Entries linking to illusive
mid-14c., "mockery, scorning, derision;" late 14c., "act of deception; deceptive appearance, apparition; delusion of the mind," from Old French illusion "a mocking, deceit, deception" (12c.), from Latin illusionem (nominative illusio) "a mocking, jesting, jeering; irony," from past-participle stem of illudere "mock at," literally "to play with," from assimilated form of in- "at, upon" (from PIE root *en "in") + ludere "to play" (see ludicrous). Sense of "deceptive appearance" first developed in Church Latin. Related: Illusioned "full of illusions" (1920).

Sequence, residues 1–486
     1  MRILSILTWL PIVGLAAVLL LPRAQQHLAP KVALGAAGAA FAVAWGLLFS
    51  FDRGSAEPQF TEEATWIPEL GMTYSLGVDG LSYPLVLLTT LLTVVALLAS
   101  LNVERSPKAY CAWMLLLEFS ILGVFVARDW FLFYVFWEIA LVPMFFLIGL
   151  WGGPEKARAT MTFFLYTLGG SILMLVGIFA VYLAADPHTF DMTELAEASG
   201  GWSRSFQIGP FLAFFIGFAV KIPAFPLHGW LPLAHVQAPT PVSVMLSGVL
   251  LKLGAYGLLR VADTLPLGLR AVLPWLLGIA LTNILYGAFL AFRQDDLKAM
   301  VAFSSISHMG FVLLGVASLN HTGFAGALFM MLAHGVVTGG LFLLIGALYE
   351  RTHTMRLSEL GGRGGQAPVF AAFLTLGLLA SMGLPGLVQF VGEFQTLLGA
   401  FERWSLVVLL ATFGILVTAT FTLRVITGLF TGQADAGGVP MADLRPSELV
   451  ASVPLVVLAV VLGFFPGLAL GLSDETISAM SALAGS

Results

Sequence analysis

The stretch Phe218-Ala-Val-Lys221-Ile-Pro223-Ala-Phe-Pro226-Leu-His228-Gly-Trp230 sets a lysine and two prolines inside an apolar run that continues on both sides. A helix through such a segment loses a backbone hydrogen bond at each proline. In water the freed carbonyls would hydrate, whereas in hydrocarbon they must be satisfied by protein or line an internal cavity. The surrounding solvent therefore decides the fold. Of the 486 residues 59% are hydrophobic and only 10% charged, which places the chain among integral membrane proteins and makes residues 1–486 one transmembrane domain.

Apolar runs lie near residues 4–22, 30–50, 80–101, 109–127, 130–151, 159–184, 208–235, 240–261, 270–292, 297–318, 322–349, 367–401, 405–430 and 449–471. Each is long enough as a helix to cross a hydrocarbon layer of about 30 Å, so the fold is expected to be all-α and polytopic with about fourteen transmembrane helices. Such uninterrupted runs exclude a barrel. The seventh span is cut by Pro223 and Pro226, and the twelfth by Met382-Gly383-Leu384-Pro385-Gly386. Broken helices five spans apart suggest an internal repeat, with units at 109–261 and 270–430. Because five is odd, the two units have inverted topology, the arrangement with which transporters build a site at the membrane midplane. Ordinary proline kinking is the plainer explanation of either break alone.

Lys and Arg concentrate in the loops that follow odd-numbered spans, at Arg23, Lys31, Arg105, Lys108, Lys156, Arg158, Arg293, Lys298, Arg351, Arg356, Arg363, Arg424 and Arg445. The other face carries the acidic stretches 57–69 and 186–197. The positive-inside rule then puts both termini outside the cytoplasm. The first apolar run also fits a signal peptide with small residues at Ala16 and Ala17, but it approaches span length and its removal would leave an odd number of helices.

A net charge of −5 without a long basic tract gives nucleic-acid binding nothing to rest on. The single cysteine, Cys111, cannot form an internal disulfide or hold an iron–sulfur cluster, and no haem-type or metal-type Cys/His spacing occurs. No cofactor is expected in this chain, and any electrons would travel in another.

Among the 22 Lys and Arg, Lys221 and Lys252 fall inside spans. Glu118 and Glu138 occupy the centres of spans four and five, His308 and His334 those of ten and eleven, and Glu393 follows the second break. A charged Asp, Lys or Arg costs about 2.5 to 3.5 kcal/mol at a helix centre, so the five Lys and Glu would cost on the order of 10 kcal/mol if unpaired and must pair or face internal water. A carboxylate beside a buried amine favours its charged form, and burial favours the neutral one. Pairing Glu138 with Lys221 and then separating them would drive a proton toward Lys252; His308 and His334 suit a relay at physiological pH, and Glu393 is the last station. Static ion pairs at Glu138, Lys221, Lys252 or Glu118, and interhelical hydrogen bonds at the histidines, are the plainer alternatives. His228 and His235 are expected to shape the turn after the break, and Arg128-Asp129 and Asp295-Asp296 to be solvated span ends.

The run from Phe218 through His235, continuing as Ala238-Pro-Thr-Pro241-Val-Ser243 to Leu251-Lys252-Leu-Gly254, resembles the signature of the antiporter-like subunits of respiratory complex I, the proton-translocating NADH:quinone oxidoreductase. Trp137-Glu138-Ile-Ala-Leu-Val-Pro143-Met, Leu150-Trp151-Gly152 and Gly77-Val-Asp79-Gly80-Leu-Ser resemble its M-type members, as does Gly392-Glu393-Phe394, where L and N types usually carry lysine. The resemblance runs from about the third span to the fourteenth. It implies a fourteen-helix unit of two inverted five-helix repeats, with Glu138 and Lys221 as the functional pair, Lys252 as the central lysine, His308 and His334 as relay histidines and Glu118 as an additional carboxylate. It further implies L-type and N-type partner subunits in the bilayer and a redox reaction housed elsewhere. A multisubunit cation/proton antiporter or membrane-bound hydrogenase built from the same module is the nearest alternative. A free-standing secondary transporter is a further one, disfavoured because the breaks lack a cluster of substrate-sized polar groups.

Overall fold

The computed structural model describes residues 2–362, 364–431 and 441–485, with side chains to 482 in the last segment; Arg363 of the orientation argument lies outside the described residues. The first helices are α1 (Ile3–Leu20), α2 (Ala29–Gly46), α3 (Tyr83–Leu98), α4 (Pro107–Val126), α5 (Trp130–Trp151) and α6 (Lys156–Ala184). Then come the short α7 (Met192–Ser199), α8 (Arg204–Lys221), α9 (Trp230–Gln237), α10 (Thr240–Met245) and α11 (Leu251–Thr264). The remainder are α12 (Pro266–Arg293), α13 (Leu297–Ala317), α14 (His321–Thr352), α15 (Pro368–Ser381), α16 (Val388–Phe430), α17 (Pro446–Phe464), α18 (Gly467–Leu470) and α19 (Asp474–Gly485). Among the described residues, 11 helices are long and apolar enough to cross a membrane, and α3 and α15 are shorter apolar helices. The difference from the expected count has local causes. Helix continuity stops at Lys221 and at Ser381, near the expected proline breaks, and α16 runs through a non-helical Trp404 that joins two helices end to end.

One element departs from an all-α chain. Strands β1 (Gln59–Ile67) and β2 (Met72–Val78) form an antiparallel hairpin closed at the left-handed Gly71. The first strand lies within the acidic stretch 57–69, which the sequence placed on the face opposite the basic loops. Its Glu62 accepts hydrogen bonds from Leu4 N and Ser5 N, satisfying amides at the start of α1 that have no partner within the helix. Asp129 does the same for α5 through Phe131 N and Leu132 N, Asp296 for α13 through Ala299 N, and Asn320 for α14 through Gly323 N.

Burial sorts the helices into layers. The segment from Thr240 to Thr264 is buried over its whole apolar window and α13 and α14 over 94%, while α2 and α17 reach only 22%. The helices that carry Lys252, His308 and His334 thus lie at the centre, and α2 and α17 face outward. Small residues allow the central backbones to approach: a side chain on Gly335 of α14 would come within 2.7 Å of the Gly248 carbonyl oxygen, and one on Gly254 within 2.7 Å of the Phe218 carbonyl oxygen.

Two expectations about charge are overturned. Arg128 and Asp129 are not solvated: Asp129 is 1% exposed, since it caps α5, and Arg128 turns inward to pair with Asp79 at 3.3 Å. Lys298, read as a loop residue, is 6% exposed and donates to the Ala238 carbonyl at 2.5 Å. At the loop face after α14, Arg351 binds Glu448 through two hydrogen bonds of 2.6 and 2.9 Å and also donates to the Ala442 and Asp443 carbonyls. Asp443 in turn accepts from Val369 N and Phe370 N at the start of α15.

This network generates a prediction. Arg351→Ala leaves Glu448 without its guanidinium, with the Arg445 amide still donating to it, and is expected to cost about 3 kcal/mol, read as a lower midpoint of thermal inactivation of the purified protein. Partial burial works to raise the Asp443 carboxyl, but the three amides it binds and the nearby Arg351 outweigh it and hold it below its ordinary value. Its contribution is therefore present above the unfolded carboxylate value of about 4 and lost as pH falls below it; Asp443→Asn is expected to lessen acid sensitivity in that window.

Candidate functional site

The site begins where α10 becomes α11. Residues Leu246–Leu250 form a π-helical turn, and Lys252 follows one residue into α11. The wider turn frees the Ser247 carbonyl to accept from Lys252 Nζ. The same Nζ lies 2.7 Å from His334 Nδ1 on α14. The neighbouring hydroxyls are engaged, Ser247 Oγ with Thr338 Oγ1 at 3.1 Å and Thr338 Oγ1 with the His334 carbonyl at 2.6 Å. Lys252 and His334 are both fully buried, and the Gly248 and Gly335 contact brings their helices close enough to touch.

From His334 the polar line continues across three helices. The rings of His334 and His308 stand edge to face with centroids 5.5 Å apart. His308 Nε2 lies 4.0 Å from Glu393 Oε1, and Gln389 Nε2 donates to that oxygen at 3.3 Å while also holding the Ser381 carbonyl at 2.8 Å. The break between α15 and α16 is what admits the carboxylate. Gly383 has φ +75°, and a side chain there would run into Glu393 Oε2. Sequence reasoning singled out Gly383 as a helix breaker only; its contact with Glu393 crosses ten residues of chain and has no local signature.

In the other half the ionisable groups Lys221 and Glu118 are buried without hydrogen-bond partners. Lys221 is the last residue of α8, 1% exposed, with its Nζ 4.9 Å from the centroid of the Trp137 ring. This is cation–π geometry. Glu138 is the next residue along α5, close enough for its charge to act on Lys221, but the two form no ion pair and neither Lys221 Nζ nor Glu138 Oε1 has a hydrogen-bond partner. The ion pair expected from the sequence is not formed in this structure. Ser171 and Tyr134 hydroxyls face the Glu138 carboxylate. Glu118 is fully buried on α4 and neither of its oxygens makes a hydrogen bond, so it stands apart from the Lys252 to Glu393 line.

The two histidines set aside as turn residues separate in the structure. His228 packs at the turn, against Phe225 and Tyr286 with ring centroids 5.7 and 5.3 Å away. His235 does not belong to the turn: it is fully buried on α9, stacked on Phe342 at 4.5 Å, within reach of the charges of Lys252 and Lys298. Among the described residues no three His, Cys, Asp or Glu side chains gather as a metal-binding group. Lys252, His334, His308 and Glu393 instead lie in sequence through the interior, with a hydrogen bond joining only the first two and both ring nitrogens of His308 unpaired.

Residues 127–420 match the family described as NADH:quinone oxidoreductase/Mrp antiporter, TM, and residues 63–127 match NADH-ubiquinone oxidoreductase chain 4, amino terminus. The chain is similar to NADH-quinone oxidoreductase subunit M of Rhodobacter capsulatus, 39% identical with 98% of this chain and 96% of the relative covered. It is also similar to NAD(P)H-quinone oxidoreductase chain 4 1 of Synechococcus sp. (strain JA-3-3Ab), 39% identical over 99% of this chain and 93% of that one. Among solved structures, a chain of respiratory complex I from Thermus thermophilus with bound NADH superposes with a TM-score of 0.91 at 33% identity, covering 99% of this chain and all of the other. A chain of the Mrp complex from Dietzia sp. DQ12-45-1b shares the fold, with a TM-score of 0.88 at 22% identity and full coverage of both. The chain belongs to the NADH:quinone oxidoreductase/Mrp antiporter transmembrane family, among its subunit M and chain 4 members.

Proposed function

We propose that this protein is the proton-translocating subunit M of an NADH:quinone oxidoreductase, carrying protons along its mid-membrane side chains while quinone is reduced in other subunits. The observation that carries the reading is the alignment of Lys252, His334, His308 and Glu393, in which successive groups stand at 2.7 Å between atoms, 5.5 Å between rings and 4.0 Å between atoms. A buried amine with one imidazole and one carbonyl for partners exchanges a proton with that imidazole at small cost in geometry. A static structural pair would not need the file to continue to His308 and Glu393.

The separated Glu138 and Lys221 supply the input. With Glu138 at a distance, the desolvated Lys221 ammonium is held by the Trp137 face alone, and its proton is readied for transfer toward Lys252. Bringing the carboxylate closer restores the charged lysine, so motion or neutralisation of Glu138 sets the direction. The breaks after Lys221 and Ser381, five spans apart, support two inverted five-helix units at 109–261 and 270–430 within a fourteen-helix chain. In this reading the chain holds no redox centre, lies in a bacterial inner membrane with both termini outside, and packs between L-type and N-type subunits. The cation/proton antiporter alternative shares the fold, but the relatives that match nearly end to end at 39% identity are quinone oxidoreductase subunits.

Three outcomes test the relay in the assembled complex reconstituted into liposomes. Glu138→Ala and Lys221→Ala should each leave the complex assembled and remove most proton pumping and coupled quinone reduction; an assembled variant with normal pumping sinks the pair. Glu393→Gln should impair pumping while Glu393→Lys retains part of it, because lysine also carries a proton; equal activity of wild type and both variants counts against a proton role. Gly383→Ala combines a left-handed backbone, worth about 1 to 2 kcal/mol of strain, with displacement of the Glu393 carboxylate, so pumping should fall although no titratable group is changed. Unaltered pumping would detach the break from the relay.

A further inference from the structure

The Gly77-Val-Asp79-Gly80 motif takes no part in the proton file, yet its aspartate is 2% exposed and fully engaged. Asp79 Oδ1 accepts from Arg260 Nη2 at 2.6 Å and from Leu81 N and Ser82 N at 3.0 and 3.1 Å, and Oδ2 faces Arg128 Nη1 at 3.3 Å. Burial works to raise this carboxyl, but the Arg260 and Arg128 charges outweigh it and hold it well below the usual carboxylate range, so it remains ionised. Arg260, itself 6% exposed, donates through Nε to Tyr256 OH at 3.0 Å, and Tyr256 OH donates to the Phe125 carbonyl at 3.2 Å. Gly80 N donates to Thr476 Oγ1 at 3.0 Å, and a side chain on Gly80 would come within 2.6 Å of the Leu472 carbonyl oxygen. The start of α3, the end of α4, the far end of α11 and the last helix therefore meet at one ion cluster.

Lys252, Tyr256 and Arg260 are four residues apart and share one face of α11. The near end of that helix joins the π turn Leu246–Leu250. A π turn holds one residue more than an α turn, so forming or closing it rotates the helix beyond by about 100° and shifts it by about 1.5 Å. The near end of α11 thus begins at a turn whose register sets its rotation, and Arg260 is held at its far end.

word-forming element making adjectives from verbs, meaning "pertaining to, tending to; doing, serving to do," in some cases from Old French -if, but usually directly from Latin adjectival suffix -ivus (source also of Italian and Spanish -ivo). In some words borrowed from French at an early date it has been reduced to -y (as in hasty, tardy).
updated on October 11, 2015
Dictionary entries near illusive